(R) 3 1/2 starsEd Johnson-Ott

On the morning of Sept. 11, 2001, President George W. Bush was at an elementary school with a group of children as part of some public relations event. He was informed when the first plane struck the World Trade Center before entering the school, but preceded with the photo op. Bush settled into a story circle and was reading to the little ones when he was told, very quietly, that a second plane had rammed into the World Trade Center. For nearly seven minutes after being told, Bush sat and continued reading.

Early in the anti-Bush polemic, Fahrenheit 9/11, writer/producer/director Michael Moore shows footage of Bush and the children and marvels at the inactivity of the president under such circumstances. I wasn't surprised. Bush was part of a presidential entourage and it takes some time for an entourage to get moving, even in an emergency. I suspect Bush, who surely was as staggered by the news as anyone else, decided the best thing to do was to act calm and read to the kids until the entourage was prepared to leave.

Seems reasonable to me.

Please understand, I am no Bush apologist. I was repulsed by his smirking frat boy persona prior to Sept. 11, and terrified by what he turned into shortly after the attacks. I still remember him facing the camera and announcing that America was going to war against terrorism and that the war would not end until we "vanquished all of the evildoers." Those words sent shivers down my spine as I realized that the highest office in our land was in the hands of a religious zealot who believed he was acting on a mandate from God. I recalled the scene in The Dead Zone where President Greg Stillson, with an insane gleam in his eye, set off World War III while intoning, "His will be done."

The idea that we had a real life Greg Stillson in the Oval Office scared me silly. The feeling just got worse over the next few weeks as the focus of the war on terrorism somehow shifted from Osama bin Laden to Saddam Hussein and the Bush Administration began making their case for a preemptive strike on Iraq.

But you know all that. More and more Americans believe it is now imperative that Bush and his team be removed from office, even if that results in the election of an old school Democrat windbag like John Kerry.

So, will Fahrenheit 9/11 help the cause?

Give Michael Moore credit for wearing his politics on his sleeve. It is much easier to evaluate a documentary when you know the agenda of the filmmaker. After trying to make a brouhaha out of the Sept. 11 reading-to-the-children business, he wastes a few minutes rehashing the 2000 presidential election controversy.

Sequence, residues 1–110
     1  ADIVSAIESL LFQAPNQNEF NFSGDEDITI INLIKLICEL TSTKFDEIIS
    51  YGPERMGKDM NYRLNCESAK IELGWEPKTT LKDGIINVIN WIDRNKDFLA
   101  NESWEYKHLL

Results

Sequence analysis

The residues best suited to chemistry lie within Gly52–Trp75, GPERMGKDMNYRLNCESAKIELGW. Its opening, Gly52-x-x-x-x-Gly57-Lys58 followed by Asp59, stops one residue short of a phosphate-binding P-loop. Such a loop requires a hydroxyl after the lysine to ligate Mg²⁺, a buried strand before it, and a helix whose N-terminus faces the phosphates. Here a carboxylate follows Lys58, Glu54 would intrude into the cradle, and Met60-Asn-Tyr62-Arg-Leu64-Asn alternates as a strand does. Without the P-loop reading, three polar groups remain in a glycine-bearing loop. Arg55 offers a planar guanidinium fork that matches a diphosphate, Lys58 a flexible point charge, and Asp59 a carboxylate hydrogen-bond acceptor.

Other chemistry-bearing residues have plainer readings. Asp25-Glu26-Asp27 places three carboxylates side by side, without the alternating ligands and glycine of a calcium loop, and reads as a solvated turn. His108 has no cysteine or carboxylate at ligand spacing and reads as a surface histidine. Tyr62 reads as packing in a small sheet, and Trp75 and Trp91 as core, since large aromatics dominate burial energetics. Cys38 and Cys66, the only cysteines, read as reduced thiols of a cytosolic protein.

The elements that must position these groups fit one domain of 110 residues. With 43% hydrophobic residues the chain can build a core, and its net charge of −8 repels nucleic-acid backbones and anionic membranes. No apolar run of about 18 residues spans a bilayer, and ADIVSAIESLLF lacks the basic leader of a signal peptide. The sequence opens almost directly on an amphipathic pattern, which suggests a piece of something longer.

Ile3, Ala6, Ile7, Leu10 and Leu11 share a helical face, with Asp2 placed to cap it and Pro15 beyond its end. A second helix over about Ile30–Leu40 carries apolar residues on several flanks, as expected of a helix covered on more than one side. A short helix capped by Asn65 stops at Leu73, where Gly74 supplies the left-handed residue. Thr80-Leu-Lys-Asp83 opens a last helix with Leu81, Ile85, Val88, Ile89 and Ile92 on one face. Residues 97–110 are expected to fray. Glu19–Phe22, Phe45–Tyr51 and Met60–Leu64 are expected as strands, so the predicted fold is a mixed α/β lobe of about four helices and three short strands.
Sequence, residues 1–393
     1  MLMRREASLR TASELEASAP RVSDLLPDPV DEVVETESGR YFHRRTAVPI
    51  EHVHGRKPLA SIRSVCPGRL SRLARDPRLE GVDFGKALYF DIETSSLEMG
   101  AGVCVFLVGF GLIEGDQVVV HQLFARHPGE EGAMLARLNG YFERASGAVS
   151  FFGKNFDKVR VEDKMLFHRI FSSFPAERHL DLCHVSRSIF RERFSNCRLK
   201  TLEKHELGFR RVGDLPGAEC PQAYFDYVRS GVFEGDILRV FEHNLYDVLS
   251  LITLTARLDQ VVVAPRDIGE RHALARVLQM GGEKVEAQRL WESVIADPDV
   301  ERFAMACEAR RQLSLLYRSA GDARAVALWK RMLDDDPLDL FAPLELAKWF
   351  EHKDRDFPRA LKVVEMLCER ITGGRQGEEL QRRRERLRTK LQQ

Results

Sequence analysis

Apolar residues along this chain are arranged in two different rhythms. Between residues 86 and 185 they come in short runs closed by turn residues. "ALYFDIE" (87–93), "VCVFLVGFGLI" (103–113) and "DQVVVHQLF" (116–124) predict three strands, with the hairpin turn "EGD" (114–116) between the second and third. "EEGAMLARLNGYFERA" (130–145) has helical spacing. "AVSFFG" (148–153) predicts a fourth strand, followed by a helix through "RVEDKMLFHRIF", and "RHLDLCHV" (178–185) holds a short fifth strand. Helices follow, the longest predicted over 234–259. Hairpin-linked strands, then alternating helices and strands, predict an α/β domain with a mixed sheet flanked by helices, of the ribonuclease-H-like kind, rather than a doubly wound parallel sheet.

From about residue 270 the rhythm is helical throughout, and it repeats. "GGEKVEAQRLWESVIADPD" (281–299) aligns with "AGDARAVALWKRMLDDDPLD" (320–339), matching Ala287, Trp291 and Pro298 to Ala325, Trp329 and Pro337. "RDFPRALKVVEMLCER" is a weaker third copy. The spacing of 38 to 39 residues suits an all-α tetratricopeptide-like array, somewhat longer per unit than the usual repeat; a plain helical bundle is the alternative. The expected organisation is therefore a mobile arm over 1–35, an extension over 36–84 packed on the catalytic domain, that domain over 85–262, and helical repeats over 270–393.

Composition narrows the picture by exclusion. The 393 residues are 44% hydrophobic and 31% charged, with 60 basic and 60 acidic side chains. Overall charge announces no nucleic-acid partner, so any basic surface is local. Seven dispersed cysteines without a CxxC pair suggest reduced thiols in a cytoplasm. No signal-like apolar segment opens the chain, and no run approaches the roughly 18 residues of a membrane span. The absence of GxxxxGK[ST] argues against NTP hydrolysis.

Then Moore gets into the meaty stuff. He notes that, during the post-attack period when every flight in America was grounded, members of the bin Laden family - potential witnesses on the character and behavior of Osama - were allowed to leave the country by air. He shows a long association and huge financial ties between the Bush and bin Laden families. It appears he is headed into conspiracy theory land, but Moore does not follow through.

Instead, he hops around. There is footage of U.S. soldiers humiliating Iraqi prisoners (one captive has a visible erection through his blanket, which becomes the subject of numerous remarks from our soldiers, one of whom touches it). He makes a case that the administration may be using the alert colors to frighten the public into continuing to support the war. He mocks the extensive vacation time taken by Bush and captures some funny/scary footage of the president making a quick transition from pro-war oratory to a golf swing.

Moore does one set of his tiresome ambush interviews, chasing pro-war members of Congress and trying to get them to sign up their young adult children for military service in Iraq (only one member of Congress has a child over there). And he follows the mother of a soldier and shows the effect of the war on her.

Wisely, Moore spends less time on camera than he did in his previous films and his jokes are fewer and more subdued (and less funny). His Oscar Award-winning Bowling for Columbine is a better movie - it raises challenging questions, while Fahrenheit 9/11 offers pre-cooked answers. Still, if the film reaches enough people in theaters and when released on DVD prior to the election, it may help save a lot of lives.